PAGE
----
This is the second part of our tour around the filming locations of the popular TV series Inspector Montalbano. And for those of you who have not read the first part, and shame on you if you haven’t then here is the interactive map of the route we took.
The only city on this part of the tour we visited was the regional capital of Ragusa, another rebuilt city after the earthquake of 1693. A new town was built out of the rubble on a high plateau above the original settlement and aptly named Ragusa Superiore. But the toffs that had their palaces reduced to dust were having none of it and stayed put and built Ragusa Ibla on the original site. Italians being Italians lived in perfect disharmony within the ‘twin cities’ until 1927 when the two towns accepted each other and merged in to one happy urban sprawl. However, you do have to give it to the nobles as their inferior named Ibla is vastly superior to the inferior Superiore built by the inferior townsfolk of Superiore.
Ragusa is a town that welcomes tourists in general and Homies in particular with two designated parking spots at the base of Ibla. We bounded up the 100 or so steps and went straight in the open-for-once-in-Italy Tourist Information and picked up a map marked with routes and little crosses added to enable us to make the most out of our Montalbano Pilgrimage. Another doffing of the cap towards the tourist is the frequent and informative information points that support the use of QR codes to deliver the relevant information at a given point. This is also backed up by free city-wide WiFi. So none of those dull audio-guides your granny is fond of, here you get relevant multi-media delivered to your phone linked to the tour you are on. The best we have seen and all gratis.
The Excellent Information points
So armed with a map and a phone we followed the yellow route around the town taking in the grand churches and palazzi lining the twisting narrow streets interspersed with delightful piazzas. Standing high and proud in the centre is of course the Baroque Cathedral of St George that dominates the palm-planted Piazza del Duomo. We did manage to get suckered in by one of the many emporium selling the fine local produce to be found in these parts. I managed to part with €20 on six bars of chocolate and a tiny tub of olive oil, now that’s a balanced diet to shout about. Here are some pictures of our Montalbano tour: Name the Episodes.
His and Hers pieces of old Italian S………
Via Capitano Bocchieri
Duomo of St George Altarpiece
Flirting with the Pane Man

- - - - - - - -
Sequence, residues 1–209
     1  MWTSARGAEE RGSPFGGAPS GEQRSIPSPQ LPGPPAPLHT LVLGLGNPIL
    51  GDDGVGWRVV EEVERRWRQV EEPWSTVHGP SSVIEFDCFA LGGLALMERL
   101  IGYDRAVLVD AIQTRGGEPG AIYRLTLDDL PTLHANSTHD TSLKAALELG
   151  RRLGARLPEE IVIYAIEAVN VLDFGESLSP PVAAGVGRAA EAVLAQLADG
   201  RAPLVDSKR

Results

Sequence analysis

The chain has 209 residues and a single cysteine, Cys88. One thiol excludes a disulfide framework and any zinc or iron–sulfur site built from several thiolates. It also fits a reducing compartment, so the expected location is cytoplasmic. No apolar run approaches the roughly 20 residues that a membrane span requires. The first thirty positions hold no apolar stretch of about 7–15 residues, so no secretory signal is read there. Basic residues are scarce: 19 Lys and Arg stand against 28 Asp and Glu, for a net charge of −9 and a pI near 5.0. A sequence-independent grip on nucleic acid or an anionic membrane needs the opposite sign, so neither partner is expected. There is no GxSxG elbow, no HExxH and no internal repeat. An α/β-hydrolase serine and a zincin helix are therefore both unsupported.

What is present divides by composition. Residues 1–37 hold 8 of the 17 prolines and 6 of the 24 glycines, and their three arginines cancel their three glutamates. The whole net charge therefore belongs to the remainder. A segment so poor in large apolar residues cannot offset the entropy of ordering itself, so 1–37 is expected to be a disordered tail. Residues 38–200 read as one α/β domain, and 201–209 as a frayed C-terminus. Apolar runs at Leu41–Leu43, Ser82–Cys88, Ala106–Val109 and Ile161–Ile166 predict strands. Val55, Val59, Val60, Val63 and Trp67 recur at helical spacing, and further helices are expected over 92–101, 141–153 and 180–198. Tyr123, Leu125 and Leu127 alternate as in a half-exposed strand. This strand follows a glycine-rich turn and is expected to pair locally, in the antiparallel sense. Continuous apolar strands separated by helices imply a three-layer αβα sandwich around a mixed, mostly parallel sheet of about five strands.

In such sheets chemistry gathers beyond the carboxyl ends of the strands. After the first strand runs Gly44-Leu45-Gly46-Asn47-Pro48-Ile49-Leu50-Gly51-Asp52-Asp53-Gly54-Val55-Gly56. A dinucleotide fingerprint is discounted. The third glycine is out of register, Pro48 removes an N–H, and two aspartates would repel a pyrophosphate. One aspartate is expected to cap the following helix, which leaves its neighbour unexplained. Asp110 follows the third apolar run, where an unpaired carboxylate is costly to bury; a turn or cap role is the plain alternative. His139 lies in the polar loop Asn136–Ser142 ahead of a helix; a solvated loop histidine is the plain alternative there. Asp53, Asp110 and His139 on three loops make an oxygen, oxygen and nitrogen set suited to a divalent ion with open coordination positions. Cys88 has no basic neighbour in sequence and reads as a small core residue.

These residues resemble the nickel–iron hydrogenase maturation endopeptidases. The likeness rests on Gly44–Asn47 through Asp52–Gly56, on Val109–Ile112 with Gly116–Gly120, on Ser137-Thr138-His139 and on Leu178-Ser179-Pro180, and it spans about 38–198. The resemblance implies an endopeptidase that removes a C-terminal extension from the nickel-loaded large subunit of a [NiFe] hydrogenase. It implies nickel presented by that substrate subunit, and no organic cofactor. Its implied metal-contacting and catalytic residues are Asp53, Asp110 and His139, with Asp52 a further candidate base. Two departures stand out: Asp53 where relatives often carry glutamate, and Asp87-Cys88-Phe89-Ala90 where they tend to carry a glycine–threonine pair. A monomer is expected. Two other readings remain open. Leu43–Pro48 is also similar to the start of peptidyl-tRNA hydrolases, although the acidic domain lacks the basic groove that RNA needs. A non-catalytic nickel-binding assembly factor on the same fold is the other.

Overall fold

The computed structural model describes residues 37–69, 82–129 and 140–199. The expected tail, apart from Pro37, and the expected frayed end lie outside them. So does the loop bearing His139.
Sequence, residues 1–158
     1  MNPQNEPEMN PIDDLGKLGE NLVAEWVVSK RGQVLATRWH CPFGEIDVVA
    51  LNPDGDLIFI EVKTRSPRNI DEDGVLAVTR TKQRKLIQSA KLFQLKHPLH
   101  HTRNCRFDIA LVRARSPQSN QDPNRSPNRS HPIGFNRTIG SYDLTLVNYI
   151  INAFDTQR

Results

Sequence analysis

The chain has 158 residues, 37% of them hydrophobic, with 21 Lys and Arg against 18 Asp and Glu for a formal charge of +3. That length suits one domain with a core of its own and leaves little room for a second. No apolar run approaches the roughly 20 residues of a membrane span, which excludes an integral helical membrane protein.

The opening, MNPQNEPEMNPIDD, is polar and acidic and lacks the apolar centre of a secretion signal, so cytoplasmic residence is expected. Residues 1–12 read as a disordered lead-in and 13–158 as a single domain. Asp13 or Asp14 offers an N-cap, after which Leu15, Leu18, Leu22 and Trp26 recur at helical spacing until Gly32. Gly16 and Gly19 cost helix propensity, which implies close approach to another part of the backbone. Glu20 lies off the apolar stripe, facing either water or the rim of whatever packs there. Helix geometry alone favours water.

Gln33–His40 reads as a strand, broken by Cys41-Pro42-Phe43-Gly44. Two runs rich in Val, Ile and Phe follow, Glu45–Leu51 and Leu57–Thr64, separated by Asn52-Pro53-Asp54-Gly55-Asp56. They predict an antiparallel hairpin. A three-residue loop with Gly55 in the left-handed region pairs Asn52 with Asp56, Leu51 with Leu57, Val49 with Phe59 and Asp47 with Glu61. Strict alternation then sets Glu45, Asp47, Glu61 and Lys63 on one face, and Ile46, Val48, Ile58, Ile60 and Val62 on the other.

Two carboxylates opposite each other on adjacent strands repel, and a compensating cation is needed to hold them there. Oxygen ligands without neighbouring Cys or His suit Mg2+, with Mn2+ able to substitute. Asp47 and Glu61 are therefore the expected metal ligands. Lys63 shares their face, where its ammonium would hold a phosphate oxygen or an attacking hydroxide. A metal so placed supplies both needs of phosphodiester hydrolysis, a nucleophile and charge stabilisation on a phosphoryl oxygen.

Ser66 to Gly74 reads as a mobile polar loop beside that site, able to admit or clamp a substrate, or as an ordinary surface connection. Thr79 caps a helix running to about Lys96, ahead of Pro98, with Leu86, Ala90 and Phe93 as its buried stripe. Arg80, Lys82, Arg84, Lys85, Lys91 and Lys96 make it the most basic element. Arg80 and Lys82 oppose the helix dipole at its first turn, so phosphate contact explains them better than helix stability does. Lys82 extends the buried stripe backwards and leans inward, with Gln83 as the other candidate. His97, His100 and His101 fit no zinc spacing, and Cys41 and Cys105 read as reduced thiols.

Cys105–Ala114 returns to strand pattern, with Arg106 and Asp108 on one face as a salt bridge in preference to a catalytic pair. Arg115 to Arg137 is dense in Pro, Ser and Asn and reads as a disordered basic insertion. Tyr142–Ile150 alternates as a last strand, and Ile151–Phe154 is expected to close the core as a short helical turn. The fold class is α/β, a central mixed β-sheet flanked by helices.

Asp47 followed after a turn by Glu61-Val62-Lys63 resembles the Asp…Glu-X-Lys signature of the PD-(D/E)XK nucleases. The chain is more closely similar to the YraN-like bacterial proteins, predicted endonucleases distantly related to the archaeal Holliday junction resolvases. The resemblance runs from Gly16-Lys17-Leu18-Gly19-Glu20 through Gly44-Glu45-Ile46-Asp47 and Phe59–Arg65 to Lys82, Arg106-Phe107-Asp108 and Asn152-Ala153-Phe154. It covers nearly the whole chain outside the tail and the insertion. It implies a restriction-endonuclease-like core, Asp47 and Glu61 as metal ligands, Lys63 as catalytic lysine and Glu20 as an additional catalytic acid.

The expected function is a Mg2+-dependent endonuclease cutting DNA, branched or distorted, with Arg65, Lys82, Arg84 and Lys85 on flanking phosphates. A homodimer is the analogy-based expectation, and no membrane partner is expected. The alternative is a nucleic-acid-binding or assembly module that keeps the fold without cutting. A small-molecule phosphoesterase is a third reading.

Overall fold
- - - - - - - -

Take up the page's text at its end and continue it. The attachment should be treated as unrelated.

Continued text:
Crowds flock to the Piazza Duomo
Baroque Facade of St George
Piazza Bagno di Uccello
Corso XXV Aprile
Piazza Pola – this was the original Police Station
San Giuseppe Church – It has crazy bells
Ancient Gate of St George
The bottom of Corso roofs
The bottom of Corso pavement
In case we got lost
After a quick coffee and a sharing of an Arancini (rice ball) we caught the bus to the ‘other side’. A sinuous journey of never-ending tooting of horns, followed by extravagant arm waving and finally small Italian car reversing manoeuvres. And then all to be repeated at the next blind hairpin. The bus drops you off at the Piazza Liberta; a strange name for a square built by the fascists in the 1930’s. And I know it is probably not right but I do have a soft spot for the totalitarian state inspired modernist architecture of the period.
Is that an Eagle or Mr Mussolini in Piazza Liberta
The whole Square
The town planning here is the complete opposite to Ibla with the city set out on a strict grid system. It is clean, it is pleasant, it has some fine buildings, but it lacks soul and to be fair the main reason for visiting this part of Ragusa is to get the views to the lower town. But before we allow you to see those views we did find a couple of things to snap.
Duomo San Giovanni
Head in Cage
And now for the views:
Tracy wants the white house on the left
They love being packed in
So there ends our day in Ragusa and it is well worth it. It is the best of all the Baroque Cities of South East Sicily and should be on everyone’s agenda when visiting this wonderful island. We know you fans of Montalbano will now be shouting ‘You missed the Trattoria San Calogero, you dopes’. Well fans of the series we didn’t, in fact we put on our warmest clothing and strode out through the cold night air and eat in the goddam place. It is a rustic restaurant so do not expect anything too fancy, it is a cheerful, boisterous place that serves large portions of well-cooked home-style food. It was too cold to eat on the vine covered terrace and so we sat and ate in the inside where the walls have been signed by the stars of the series. Last point, in the real world it is called A Rusticana.
I look like I’m farting
The signed Wall
On the way back we stopped and took in the sights and smells of this vibrant foodie city and took our last few snaps. We hope you enjoyed our tour and we will be blogging back soon.
Love to all
St George again
St George on Acid